Date of Award


Degree Type


Degree Name

Master of Arts


Comparative Literature


Calin Mihailescu


Umudúri is a Rundi oral genre that normally features laudatory texts; however, in Emmanuel Nkeeshimáana’s songs, it is resistance to the iniquities generated by colonial and postcolonial powers that predominates. Engaging Albert Lord’s approach to sung poetry, which is based on formulas and themes, this study addresses the place of umudúri in oral literature, focusing on the performance and enunciation. By translating Emmanuel Nkeeshimaana’s texts, basing on André Lefévère’s poetic and cross-cultural translation theory, it proves the limitations to the rendering of Emmanuel Nkeeshimaana’s resistance message. Thus, the study suggests ways for a fuller grasp of the resistance nature of these miduri, which draw both from the author’s native language stock and the country’s history: the use of Barbara Harlow’s method according to which resistance literature is embedded in the history and material conditions of the author’s experience, together with Vansina’s argument that historical testimonies are better analyzed in varied versions if one were to prove the historicity of resistance texts. Finally, drawing on Ngugi’s view of African postcolonial states, namely that they shut down their literary and cultural development themselves, the study attempts to answer the complex question: “what caused the quiet censorship that Emmanuel Nkeeshimaana underwent and why is his works’ dissemination so limited?”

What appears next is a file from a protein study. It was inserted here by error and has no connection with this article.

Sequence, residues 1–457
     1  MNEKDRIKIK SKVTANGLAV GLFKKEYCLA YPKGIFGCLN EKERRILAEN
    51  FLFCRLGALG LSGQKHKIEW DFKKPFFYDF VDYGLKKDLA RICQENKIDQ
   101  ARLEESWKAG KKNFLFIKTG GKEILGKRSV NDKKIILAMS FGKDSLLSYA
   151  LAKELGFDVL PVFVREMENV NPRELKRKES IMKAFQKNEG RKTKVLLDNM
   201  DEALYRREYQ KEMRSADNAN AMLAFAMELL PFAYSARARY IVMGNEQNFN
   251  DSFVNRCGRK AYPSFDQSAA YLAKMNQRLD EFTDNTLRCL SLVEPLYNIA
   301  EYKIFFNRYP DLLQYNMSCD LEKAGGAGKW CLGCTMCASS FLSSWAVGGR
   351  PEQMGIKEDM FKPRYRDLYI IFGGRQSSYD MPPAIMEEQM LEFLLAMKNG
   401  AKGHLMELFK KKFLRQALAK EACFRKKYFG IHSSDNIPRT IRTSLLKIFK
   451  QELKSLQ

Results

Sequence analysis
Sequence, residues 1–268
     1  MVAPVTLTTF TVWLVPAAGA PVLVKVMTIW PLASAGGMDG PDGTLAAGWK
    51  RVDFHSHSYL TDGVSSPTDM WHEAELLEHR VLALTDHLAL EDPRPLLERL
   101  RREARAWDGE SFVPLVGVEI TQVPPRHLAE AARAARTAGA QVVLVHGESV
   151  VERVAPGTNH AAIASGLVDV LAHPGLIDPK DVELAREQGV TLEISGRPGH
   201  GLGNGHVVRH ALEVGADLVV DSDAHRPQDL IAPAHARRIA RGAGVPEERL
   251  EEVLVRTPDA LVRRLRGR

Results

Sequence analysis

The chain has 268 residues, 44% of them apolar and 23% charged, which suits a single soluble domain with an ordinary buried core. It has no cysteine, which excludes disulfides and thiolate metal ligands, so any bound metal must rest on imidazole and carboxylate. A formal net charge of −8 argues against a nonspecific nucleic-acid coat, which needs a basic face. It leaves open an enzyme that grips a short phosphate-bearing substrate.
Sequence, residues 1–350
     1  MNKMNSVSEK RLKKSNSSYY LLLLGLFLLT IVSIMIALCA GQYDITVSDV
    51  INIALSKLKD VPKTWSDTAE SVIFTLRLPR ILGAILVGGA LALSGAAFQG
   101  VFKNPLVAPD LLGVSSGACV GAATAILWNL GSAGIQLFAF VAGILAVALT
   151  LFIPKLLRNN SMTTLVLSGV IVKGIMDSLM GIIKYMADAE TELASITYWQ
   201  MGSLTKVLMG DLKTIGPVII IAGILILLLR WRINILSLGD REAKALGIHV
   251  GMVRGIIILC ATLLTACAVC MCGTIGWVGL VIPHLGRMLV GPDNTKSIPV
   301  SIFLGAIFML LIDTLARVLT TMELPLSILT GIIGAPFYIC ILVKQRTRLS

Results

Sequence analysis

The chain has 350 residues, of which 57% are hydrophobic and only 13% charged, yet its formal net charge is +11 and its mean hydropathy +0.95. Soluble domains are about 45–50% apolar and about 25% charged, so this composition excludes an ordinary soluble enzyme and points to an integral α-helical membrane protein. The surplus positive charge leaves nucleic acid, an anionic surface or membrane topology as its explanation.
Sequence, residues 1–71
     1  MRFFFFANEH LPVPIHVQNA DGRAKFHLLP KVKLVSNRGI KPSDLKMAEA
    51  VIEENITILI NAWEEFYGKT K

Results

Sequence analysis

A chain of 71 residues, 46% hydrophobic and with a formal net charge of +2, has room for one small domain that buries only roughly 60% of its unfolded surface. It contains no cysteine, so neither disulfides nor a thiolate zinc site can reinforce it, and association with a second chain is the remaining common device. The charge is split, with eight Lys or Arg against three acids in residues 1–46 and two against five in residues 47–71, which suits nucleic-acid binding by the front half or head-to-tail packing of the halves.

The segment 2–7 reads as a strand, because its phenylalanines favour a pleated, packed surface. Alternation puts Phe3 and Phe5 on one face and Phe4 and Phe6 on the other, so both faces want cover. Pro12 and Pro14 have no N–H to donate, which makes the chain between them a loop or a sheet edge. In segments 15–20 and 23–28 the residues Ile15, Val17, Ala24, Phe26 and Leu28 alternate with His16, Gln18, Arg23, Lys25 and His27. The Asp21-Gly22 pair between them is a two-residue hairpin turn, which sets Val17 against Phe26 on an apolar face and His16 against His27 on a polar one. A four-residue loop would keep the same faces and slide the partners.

Keywords: oral literature, oral poetry, performance, resistance, resistance literature, postcolonial theory, translation, historical theory, linguistic theory, power iniquity, Burundi literature and history, Ngugi Wa Thi’ongo, Barbara Harlow, Jan Vansina, André Lefévère



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